Why renewable energy is the future

Battery storage, combined with solar PV panels and electric vehicles will improve the market for renewable energy

Why renewable energy is the future


nergy resources of the world have always shaped global policies, economics and businesses. Renewable energy is derived from natural sources replenished at a higher rate than they are consumed. Fossil fuels — coal, oil and gas — on the other hand, are non-renewable resources that take hundreds of millions of years to accumulate.

Use of renewable energy creates far lower emissions than burning fossil fuels. Transitioning from fossil fuels, which currently account for the lion’s share of emissions, to renewable energy is key to addressing the climate crisis. Renewables are now cheaper in most countries and generate three times more jobs than fossil fuels. The three main options for using renewable energy resources are the following:

On-Site Renewable Energy Generation: These include installing photovoltaic (PV) solar energy panels on a building or home, implementing a small residential wind turbine and using geothermal heat pumps or biomass-fuelled power and heat.

Renewable Energy Certificates (RECs): RECs can be used to purchase green energy power. People also refer to them as tradable renewable certificates, green tags or green energy certificates.

Green Marketing or Green Pricing Programmes: Participating in a green energy programme allows consumers to pay a small premium to an energy provider that uses local green power sources for power generation.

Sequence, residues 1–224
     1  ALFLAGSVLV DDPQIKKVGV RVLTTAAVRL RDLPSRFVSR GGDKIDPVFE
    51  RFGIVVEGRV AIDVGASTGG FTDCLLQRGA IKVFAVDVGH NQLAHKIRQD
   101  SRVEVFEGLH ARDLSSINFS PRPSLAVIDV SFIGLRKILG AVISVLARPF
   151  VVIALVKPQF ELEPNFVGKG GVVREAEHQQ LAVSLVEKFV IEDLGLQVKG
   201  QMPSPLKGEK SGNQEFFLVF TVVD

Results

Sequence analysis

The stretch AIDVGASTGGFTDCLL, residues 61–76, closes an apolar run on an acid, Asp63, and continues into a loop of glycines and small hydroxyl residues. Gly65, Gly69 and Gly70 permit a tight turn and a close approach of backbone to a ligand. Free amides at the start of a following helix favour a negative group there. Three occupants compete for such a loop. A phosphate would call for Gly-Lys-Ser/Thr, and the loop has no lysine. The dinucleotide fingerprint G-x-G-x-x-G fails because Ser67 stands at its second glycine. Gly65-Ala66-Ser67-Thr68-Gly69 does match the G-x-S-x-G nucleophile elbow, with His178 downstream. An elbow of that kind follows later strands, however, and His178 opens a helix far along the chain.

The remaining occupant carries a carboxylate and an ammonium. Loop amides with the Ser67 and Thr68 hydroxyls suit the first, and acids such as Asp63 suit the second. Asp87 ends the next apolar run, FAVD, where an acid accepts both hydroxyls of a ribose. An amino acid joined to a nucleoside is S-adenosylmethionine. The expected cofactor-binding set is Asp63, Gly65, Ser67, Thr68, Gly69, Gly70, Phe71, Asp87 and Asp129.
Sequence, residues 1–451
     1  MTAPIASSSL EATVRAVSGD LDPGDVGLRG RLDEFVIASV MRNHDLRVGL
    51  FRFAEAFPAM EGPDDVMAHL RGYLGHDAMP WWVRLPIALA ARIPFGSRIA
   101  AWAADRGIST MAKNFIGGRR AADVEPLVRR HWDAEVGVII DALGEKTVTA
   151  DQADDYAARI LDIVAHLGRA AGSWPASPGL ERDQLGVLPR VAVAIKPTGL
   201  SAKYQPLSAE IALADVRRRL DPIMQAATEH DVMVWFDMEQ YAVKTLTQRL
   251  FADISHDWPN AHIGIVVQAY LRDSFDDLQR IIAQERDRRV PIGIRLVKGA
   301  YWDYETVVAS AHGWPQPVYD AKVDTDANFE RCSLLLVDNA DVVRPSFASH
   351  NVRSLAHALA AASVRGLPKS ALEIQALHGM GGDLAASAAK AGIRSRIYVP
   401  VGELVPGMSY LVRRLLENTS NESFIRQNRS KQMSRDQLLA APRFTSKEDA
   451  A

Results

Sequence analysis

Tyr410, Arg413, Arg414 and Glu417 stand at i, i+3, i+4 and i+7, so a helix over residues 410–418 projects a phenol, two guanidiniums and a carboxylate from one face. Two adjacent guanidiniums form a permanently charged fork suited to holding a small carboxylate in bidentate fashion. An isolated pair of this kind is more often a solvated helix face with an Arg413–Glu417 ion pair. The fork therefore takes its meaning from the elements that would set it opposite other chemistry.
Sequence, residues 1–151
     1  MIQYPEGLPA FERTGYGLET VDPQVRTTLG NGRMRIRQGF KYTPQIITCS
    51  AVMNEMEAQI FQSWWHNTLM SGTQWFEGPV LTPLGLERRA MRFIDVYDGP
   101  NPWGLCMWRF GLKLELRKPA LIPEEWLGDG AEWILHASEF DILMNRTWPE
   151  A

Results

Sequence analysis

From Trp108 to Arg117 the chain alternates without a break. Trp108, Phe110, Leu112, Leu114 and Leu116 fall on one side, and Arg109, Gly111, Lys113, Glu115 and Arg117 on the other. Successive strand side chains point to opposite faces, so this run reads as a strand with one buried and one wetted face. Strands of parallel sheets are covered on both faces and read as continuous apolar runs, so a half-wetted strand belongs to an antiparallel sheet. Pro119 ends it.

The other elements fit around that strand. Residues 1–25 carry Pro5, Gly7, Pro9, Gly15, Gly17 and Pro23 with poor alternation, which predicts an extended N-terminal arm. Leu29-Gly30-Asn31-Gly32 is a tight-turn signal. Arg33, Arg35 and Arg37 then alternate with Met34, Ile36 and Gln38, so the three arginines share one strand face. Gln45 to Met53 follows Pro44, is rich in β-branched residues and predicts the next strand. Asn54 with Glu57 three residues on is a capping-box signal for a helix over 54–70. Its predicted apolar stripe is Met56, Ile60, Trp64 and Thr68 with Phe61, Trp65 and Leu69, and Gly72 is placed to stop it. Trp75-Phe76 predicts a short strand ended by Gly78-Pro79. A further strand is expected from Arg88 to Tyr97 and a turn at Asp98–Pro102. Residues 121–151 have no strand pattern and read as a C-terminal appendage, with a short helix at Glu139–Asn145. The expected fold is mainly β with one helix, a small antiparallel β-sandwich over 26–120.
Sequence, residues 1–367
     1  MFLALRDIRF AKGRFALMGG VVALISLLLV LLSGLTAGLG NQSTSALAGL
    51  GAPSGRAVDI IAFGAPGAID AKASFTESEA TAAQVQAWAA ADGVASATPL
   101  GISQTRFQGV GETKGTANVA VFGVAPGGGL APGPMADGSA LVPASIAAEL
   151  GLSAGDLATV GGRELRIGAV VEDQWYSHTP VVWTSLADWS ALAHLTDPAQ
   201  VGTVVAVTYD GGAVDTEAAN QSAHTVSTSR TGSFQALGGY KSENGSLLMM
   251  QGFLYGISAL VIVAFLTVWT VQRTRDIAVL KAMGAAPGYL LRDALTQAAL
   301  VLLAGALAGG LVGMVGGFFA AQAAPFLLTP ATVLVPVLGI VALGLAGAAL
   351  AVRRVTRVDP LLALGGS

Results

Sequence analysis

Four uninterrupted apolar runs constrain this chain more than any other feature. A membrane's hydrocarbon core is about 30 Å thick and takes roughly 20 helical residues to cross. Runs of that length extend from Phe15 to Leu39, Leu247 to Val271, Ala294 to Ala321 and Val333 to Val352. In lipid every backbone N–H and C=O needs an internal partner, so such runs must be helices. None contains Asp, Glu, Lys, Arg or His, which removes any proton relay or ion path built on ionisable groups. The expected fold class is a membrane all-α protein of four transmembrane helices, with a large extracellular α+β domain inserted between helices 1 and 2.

The industrial revolution and use of automobiles increased the consumption of energy resources at unsustainable rates. We can now use biomass energy for the generation of electricity, thermal energy and biofuels. Biogas, biodiesel and bio-ethanol, help reduce the demand for traditional gasoline products while also reducing the amount of transportation-related greenhouse gases emitted.

Ethanol is made from corn and sugarcane. Biodiesel is made from rapeseed, soy, jatropha and palm oil. Biomass feedstock becomes bio-based products, electric power, heat and liquid fuels, making it extremely versatile. Although burning biomass produces carbon dioxide emissions, plant regeneration consumes an equal amount of carbon dioxide, which we believe balances the atmosphere.

Since animals or plants can live virtually anywhere, bio-energy is a form of renewable energy that we can incorporate worldwide. Most biomass is used in rural areas for cooking, lighting and space heating, generally by poorer populations in developing countries.

Modern biomass systems include dedicated crops or trees, residues from agriculture and forestry and various organic waste streams. Energy created by burning biomass creates greenhouse gas emissions, but at lower levels than burning fossil fuels like coal, oil or gas. However, bio-energy should only be used in limited applications, given potential negative environmental impacts related to large-scale increases in forest and bio-energy plantations, and resulting deforestation and land-use change.